You might be wondering why I'm optimistic about a REIT ETF in a rising interest rate scenario -- higher interest rates, after all, have traditionally hurt REIT valuations. Vanguard, however, has held up pretty strong in the past three months, and I wouldn't be surprised if it continues to do so. One reason is that most of the ETF's top holdings have strong track records of growth in funds from operations and dividends. Just to give you an example, Simon Property's dividend has grown at an annual compounded rate of 13.2% in the past five years.

Moreover, as Vanguard is a diversified ETF, there will ideally almost always be pockets of strength in its portfolio even during adverse times. Potential higher infrastructure spending under Donald Trump's presidency could, for instance, boost manufacturing activity and prospects for office and industrial REITs, allowing them to command higher rents. Likewise, higher consumer confidence bodes well for retail REITs, and so on.

Finally, this ETF's expense ratio of 0.12% is not only substantially lower than those of industry peers, but also among the lowest in the REIT space. That means greater savings and higher returns for shareholders while they enjoy the hefty dividends along the way.

The U.S. dollar is strong, but it won't be forever

Rich Smith (SPDR S&P International Dividend ETF): I don't know about you, but when I'm hunting for an investment, I like to search in places where other people are not searching -- because that's where you'll often find the best bargains.

Right now, the U.S. dollar is still not far off its five-year high, making companies' income earned (and dividends paid) in foreign currency worth relatively less when converted back into U.S. dollars. To my mind, that makes now a good time to look for foreign dividend payers as a promising investment -- because they'll be worth more once exchange rates turn around.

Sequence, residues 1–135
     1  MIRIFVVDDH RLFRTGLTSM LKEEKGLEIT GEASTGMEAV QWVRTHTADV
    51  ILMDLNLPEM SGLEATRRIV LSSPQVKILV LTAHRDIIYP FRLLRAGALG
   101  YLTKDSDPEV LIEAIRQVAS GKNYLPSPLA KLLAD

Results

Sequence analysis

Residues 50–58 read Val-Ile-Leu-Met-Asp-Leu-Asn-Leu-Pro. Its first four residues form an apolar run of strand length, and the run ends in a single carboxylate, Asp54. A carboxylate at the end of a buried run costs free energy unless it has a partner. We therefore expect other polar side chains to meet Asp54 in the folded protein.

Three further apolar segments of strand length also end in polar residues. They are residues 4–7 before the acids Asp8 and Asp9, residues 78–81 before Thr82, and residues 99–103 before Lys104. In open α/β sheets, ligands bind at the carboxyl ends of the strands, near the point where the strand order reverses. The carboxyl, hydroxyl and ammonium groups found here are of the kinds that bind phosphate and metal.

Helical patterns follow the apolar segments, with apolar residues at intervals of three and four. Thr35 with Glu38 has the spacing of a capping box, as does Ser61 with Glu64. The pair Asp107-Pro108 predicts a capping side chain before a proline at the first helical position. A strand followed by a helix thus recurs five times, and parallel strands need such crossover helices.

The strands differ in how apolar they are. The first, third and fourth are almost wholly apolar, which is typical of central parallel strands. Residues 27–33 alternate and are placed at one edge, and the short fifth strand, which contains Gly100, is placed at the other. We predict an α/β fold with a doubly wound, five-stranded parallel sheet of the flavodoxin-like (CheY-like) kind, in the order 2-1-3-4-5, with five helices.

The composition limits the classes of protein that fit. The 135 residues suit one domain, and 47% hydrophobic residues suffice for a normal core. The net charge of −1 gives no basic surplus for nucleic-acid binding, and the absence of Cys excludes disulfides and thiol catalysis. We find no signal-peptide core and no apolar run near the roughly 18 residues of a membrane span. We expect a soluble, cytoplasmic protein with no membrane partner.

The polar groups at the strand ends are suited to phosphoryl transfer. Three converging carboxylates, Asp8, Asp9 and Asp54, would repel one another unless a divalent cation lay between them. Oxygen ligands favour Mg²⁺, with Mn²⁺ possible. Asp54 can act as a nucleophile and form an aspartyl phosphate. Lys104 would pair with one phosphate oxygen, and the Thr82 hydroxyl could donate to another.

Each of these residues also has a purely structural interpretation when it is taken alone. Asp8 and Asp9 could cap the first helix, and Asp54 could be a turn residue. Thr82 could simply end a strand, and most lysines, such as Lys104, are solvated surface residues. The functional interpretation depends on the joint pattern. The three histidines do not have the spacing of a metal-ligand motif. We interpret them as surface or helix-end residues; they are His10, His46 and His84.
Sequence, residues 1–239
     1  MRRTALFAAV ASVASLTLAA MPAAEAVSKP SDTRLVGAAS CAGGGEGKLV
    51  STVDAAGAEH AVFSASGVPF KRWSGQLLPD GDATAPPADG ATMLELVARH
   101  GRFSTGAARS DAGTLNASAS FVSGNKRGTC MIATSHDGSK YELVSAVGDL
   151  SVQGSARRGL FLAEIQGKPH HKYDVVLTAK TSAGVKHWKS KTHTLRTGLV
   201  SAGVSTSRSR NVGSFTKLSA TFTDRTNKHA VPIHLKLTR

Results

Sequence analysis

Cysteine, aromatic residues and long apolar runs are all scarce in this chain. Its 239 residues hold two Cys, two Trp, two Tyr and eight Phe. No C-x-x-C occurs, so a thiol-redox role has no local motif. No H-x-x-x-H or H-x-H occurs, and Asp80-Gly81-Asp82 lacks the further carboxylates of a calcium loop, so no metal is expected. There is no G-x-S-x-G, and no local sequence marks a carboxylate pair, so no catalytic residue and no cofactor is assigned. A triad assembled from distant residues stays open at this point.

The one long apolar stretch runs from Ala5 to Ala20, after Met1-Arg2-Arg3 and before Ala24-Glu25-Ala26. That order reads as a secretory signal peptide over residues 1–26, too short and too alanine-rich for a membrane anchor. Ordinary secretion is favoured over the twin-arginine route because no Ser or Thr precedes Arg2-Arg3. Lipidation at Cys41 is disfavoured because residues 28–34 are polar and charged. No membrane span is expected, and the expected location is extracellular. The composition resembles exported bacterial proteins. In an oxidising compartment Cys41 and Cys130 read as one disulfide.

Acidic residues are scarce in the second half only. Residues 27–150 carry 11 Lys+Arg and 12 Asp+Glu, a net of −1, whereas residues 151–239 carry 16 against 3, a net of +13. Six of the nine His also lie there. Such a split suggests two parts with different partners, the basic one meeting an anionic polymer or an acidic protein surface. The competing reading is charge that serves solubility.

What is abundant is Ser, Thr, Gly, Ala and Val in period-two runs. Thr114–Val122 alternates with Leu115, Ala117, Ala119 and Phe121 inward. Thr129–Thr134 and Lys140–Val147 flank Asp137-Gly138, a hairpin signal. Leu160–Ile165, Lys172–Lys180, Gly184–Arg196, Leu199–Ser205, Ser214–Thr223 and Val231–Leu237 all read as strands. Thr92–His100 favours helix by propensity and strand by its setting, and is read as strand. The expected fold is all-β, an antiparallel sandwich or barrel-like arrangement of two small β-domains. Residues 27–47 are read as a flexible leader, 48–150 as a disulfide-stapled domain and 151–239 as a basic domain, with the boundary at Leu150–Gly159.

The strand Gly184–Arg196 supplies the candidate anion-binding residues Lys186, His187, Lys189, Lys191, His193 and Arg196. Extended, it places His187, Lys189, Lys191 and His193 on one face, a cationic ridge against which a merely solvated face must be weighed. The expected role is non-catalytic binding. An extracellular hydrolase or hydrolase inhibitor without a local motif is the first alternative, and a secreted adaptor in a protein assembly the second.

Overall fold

My pick for this play on exchange rates is therefore the SPDR S&P International Dividend ETF, which tracks the 100 highest-yielding dividend-paying companies outside the U.S. This $1 billion fund carries a hefty, but not unreasonable, expense ratio of 0.45%, but a market-beating dividend yield of 5.1%. Even after deducting expenses, the SPDR S&P International Dividend ETF yields twice the average dividend yield on the S&P 500. Valuation-wise, this ETF's stocks carry an average P/E ratio of 17.1 -- which is also well below the S&P's average P/E of 25.7.

The SPDR S&P International Dividend ETF achieves diversification in its portfolio by capping exposure to any given region of the world at 25% (it's maxed out on financials right now, for example, and getting close to 25% on energy companies), and capping exposure to individual market sectors at 25% as well. Although DWX has underperformed over the past five years, it may finally be coming into its own here near the dollar's peak, and delivered a near 25% return to investors over the past year.

My bet: The SPDR S&P International Dividend ETF will continue to outperform as the dollar's value peaks, plateaus, and begins to drop off.

This article represents the opinion of the writer, who may disagree with the “official” recommendation position of a Motley Fool premium advisory service. We’re motley! Questioning an investing thesis -- even one of our own -- helps us all think critically about investing and make decisions that help us become smarter, happier, and richer.